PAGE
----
Texas A&M University-Corpus Christi is one step closer to offering a Doctor of Nursing Practice Degree (DNP). The Texas A&M System Board of Regents met on Thursday, Oct. 31, and approved a new online DNP degree for the University. The proposal now goes before the Texas Higher Education Coordinating Board.
“Qualified medical professionals are desperately needed in under-served and rural areas of Texas,” said Dr. Flavius Killebrew, President/CEO of Texas A&M-Corpus Christi. “We will be proud to fill this need by offering the highest advanced degree available for nursing practice.”
According to the Association of American Medical Colleges, the United States is short 20,000 doctors short now, and is expected to face even larger shortages as nearly half of the nation's physicians near retirement.
“Qualified DNP nurse practitioners could help ease some of the load, serving as primary care providers in rural areas that may not have a doctor,” said Dr. Mary Jane Hamilton, Dean of the School of Nursing and Health Sciences (CONHS).
South Texas has the highest incidence in Texas of several preventable diseases like diabetes and infectious diseases such as tuberculosis, listeriosis, and dengue fever.
To make matters worse, of all South Texas counties, 16 have a shortage of primary care clinicians, while others have areas that are medically underserved. The need in South Texas is especially prevalent due to a lack of programs.
“The absence of nurse clinicians and administrators with appropriate doctoral education prevents the region’s healthcare workforce from effectively addressing health issues in the region,” Hamilton said.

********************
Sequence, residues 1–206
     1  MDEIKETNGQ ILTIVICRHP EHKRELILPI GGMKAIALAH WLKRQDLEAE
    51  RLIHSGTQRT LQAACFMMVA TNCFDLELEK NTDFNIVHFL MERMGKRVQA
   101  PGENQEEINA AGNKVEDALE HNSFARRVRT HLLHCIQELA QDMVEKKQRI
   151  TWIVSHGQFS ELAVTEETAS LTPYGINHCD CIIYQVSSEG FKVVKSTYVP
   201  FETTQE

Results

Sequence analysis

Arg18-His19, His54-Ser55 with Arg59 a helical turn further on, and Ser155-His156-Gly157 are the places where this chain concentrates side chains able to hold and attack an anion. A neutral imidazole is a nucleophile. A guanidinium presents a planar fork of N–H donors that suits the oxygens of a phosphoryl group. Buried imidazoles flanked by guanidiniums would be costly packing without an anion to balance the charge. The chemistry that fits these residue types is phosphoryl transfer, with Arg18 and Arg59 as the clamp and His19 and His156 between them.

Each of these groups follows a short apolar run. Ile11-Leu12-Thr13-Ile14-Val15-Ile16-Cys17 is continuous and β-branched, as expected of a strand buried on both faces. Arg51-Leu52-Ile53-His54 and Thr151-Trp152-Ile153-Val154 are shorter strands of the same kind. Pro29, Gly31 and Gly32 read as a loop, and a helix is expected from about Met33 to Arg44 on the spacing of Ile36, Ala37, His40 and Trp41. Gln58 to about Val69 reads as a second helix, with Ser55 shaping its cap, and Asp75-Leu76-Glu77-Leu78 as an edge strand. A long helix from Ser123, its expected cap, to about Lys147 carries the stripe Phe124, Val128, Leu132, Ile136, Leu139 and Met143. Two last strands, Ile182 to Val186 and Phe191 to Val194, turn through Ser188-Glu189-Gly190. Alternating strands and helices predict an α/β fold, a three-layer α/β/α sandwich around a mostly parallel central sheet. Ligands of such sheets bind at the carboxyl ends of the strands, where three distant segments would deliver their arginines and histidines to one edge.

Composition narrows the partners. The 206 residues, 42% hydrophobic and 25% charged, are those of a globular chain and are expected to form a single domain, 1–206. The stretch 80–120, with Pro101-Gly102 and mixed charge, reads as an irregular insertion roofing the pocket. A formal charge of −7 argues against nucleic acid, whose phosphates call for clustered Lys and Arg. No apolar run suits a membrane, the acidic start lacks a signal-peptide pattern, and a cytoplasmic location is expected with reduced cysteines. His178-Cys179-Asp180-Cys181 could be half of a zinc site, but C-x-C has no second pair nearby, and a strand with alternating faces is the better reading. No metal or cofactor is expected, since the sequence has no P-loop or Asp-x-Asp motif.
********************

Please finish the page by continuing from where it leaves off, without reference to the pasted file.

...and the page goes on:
Dr. Eve Layman, Associate Dean of CONHS, says this degree would be an affordable alternative to many of the other programs currently available and calls it an investment in the community. Students would do the majority of their course work online, but would also have to complete 1,000 hours of clinical work.
“They would be dealing with and solving problems in their own communities,” said Layman. “This makes them more likely to stay in the community where they are already making a difference.”
The Island University has been a statewide leader in nursing education for decades, distinctions of the CONHS include grants and recognition from the White House for its outreach to veterans. The College was also recently awarded the 2013 Excellence and Innovation in Teaching Award by the American Association of Colleges of Nursing.
“With its long history of serving South Texas and its track record of teaching future nurses using the latest technology, Texas A&M-Corpus Christi is uniquely positioned to serve South Texas by offering a DNP,” said Layman. “This degree will contain online coursework, personal faculty contact, and hands-on learning.”
If approved by the Texas Higher Education Coordinating Board, the Island University DNP will be the only one south of San Antonio and the only the second one in the Texas A&M System.